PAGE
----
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How to Choose the Best Hair Straightener for Your Hair

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The trick to getting glossy, straight hair is to use a flat iron. Hair straighteners, also known as flat irons, use heat to iron out the kinks in each strand of hair. Whether you have slightly wavy hair or thick, tightly curled locks, a straightener flattens the follicle of your hair better than a blow dryer and paddle brush alone. The key to optimum hair care and straightening without damage is choosing the best flat iron for your hair type.

Choosing a Hair Straightener

  1. Consider the natural texture of your hair. Thick, coarse hair will require a hair-straightening iron that heats up to high temperatures, but thin, fine hair can be damaged by high heat. If you have fine hair, shop for hair irons that offer a variety of heat settings. Digital flat irons let you choose the exact temperature to avoid damaging your hair with too much heat.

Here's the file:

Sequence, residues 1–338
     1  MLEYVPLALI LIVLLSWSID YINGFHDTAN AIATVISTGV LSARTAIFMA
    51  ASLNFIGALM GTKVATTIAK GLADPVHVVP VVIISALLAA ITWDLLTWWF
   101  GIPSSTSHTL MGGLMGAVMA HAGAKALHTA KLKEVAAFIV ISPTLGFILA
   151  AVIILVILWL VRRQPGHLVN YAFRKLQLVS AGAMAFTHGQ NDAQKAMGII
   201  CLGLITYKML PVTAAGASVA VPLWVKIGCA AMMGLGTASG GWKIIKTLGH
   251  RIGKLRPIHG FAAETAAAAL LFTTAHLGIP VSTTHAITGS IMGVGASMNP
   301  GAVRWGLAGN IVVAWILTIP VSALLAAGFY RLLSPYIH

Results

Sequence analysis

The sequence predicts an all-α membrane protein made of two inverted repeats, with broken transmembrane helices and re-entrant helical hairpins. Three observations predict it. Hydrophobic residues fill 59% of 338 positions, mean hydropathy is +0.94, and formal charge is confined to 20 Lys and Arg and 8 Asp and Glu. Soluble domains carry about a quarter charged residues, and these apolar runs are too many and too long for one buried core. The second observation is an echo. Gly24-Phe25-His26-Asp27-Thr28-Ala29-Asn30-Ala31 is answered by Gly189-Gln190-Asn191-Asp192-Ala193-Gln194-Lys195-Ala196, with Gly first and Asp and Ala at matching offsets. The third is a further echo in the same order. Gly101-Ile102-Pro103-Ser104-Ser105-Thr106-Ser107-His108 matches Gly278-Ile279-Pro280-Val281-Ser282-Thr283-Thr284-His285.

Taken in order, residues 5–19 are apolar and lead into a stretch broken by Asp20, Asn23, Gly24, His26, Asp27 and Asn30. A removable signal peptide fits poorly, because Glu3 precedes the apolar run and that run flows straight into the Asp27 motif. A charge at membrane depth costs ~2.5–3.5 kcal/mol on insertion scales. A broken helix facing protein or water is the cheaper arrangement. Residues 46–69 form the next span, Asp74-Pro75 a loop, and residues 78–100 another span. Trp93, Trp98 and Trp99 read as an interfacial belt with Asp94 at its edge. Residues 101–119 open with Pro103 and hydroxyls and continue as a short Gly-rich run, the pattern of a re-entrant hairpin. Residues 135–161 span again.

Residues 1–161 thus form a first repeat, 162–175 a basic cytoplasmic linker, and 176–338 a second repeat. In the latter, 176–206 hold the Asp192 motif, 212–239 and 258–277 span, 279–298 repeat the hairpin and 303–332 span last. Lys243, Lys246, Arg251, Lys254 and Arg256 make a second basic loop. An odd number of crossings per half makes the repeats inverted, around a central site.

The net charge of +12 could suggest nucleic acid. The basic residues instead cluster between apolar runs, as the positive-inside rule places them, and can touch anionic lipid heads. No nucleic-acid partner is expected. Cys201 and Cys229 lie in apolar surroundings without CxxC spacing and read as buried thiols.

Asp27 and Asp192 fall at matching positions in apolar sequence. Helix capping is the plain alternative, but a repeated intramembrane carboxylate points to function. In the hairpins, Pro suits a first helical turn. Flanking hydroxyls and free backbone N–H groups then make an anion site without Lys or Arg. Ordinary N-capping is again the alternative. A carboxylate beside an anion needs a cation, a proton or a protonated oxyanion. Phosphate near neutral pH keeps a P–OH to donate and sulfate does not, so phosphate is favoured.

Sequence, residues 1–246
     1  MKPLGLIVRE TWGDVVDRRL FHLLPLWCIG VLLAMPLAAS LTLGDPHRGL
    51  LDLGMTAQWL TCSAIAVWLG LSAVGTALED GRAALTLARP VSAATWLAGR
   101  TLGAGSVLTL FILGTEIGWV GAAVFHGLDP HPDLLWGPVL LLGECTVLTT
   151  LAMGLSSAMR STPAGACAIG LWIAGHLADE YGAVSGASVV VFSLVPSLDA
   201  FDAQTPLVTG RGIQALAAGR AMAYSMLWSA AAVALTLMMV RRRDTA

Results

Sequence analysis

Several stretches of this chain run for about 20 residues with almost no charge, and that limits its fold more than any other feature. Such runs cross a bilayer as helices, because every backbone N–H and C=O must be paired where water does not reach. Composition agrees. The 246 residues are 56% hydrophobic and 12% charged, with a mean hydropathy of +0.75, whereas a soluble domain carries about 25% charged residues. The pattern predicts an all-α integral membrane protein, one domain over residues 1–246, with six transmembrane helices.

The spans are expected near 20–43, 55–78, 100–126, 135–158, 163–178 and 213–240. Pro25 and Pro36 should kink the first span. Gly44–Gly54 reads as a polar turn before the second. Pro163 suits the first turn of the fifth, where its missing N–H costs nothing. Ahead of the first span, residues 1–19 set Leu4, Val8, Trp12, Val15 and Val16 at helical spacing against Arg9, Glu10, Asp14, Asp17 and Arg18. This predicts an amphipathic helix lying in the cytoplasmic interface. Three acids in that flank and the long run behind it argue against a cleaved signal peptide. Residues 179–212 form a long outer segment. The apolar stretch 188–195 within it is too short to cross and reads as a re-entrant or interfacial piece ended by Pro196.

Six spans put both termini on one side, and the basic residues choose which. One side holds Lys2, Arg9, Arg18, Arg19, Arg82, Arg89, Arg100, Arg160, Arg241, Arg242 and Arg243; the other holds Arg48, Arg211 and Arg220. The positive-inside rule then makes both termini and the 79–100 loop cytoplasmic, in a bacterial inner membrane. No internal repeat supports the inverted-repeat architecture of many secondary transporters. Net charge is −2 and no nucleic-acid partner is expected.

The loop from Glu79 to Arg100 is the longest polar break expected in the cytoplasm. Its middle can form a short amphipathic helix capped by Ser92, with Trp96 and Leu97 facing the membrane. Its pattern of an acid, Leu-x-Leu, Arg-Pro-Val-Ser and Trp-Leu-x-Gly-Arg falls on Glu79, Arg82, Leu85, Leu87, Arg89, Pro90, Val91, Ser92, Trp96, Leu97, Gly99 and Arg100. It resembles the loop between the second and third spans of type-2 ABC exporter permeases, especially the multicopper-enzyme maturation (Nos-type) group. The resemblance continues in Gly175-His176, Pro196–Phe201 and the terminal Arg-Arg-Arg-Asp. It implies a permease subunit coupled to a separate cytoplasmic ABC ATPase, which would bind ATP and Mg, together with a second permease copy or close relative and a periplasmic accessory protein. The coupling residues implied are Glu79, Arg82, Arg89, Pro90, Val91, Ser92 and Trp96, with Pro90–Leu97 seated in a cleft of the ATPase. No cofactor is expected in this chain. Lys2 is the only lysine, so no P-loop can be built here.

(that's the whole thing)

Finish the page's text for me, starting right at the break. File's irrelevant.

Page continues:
2. Choose the right size. Hair straighteners come in many sizes and widths. Small, thin flat irons are great hair care tools for men and women with short hair. Small hair irons are also perfect for styling bangs and spikes, and they travel well. Large, wide hair straighteners cover more surface area and are good choices for individuals with long or thick hair.

  3. Select a hair straightener with the right features. Hair tools come with a variety of features. If you have naturally curly hair, you might like a flat iron that has built-in comb teeth or steam functions that can tame and set unruly tresses. Cordless flat irons are great for jet-setting men and women, and instant-heat hair straighteners are perfect for people who don't have much time to get ready in the morning.

  4. Take a look at ceramic flat irons. Ceramic hair straighteners are great for smoothing out hair and reducing frizz. Ceramic holds heat very well, allowing a ceramic flat iron to achieve high temperatures; plus, ceramic plates encourage even heat distribution. You can choose between ceramic flat irons with ceramic plates, ceramic coating, or tourmaline plates. Tourmaline is actually a gemstone, but it works like ceramic on flat irons.

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